Popular Music Of The Olden Time Vol 1

Ancient Songs, Ballads, & Dance Tunes, Sheet Music & Lyrics - online book

Home Main Menu Singing & Playing Order & Order Info Support Search Easter Hymns

Share page  Visit Us On FB

Previous Contents Next
In Pills to purge Melancholy, 1707, vol. ii., 44, or 1719, vol. iv., 44, is another version of that song, beginning, "Arise, arise, my juggy, my puggy;" but in both editions it is printed to the tune of "Good morrow, 'tis St. Yalentine's day," and not to the original music.
I received the following traditional version of " Go from my window " from a very kind friend of former days, the late R. M. Bacon, of Norwich.* The tune is very like that of Ophelia's Song, "And how should I your true love know;" the first and last strains being the same in both. The words promise an improvement of the original, and it is to be regretted that my informant had only heard the first stanza, which is here printed to the music.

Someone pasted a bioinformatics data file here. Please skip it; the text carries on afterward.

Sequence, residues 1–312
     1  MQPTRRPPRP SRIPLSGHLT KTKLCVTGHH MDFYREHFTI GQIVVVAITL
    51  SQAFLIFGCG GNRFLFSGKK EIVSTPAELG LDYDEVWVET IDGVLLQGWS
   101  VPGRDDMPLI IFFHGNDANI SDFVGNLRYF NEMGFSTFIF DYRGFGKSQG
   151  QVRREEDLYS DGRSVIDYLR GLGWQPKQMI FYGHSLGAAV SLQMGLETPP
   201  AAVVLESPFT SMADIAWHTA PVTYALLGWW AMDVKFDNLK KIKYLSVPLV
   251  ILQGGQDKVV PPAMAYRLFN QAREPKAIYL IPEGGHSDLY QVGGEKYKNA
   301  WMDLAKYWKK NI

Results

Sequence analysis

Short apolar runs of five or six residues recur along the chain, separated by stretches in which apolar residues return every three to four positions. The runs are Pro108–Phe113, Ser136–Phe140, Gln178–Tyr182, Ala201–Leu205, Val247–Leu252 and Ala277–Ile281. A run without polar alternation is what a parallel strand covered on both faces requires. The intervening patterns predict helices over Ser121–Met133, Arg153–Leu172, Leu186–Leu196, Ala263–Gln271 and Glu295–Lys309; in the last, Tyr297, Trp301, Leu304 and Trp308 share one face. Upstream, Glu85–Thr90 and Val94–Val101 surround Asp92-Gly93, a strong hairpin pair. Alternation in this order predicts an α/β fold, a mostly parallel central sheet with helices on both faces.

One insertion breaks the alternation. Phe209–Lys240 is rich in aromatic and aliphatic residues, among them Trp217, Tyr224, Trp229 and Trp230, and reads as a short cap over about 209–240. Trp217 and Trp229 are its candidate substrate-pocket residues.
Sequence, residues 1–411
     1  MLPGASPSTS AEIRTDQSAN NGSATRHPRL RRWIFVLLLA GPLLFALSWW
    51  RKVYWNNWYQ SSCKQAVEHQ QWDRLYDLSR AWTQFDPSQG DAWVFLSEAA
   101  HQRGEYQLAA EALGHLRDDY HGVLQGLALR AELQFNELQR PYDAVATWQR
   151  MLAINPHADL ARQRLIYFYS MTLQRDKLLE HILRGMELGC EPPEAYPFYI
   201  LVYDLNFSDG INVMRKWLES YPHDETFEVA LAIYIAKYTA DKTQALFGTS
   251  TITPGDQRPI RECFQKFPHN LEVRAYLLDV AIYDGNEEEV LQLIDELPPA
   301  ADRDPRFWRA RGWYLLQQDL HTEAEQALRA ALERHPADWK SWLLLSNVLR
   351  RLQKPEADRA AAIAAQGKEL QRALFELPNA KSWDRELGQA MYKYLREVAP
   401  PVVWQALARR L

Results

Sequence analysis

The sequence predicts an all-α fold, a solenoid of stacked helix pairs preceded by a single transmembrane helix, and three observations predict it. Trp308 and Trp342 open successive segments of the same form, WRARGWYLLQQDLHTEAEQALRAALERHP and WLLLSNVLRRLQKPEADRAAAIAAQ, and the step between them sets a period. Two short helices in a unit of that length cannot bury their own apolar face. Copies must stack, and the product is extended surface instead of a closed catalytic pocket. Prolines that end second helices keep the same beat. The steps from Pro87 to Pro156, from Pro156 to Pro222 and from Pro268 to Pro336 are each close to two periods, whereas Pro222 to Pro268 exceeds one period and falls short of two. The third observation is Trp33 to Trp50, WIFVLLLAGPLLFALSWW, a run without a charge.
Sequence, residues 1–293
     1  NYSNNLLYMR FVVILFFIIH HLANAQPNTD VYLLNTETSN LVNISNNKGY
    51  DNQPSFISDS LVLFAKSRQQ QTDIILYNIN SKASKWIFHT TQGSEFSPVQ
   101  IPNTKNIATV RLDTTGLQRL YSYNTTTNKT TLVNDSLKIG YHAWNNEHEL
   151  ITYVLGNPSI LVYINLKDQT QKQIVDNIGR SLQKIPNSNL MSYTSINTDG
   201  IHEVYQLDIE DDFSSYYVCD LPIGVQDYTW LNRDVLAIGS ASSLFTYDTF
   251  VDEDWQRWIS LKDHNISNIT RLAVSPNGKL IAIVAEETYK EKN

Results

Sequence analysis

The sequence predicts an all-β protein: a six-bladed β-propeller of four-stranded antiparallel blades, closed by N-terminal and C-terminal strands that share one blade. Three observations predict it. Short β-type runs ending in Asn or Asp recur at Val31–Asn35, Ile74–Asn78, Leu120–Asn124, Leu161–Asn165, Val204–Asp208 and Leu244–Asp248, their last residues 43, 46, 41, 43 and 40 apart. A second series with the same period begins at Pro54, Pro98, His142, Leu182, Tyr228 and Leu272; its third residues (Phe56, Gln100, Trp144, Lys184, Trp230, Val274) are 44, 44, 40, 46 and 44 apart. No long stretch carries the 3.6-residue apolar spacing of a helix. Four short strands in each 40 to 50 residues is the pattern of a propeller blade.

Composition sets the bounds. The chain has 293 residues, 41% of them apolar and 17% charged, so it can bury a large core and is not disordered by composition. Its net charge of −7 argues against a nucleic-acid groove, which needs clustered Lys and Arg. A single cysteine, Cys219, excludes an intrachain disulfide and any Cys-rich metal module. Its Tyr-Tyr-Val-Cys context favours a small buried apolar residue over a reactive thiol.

This tune is referred to under the names of " Dulcina;" " As at noon Dulcina rested; " " From Oberon in fairy-land ; " and " Robin Goodfellow."
The ballad of " The merry pranks of Robin Goodfellow " (attributed to Ben Jonson) commences with the line, " From Oberon in fairy-land;" and in the old black-letter copies, is directed to be sung to the tune of Dulcina, The ballad of " As at noon Dulcina rested," is said, upon the authority of Cayley and Ellis, to have been written by Sir Walter Raleigh. Both are printed in Percy's Reliques of Ancient Poetry, series iii., book 2.
The Milk-woman in "Walton's Angler, says, "What song was it, I pray you? Was it, "Come, shepherds, deck your heads," or "As at noon Dulcina rested," &c.
» Mr. Bacon was for many years the well-known editor, as well as principal proprietor, of The Norwich Mercury, and editor of The Quarterly Musical Review. His memory was bo stored with traditional songs, learnt in boyhood, that,haling accepted a challenge at the tea-table to sing a song upon any subject a lady would mention, I have heard him sing verse after verse upon tea-spoons, and other such themes, proposed as the most unlikely for
songs to have been written upon. He had learnt a number of sea songs, principally from one old sailor, and some were so descriptive, that it was almost thrilling to hear them sung by him. Seventeen years ago, these appeared to me too irregular and declamatory to be reduced to rhythm, but I have since greatly regretted the loss of an opportunity that can never recur.

E-Book - An Annotated Compendium of Old Time American Songs by James Alverson III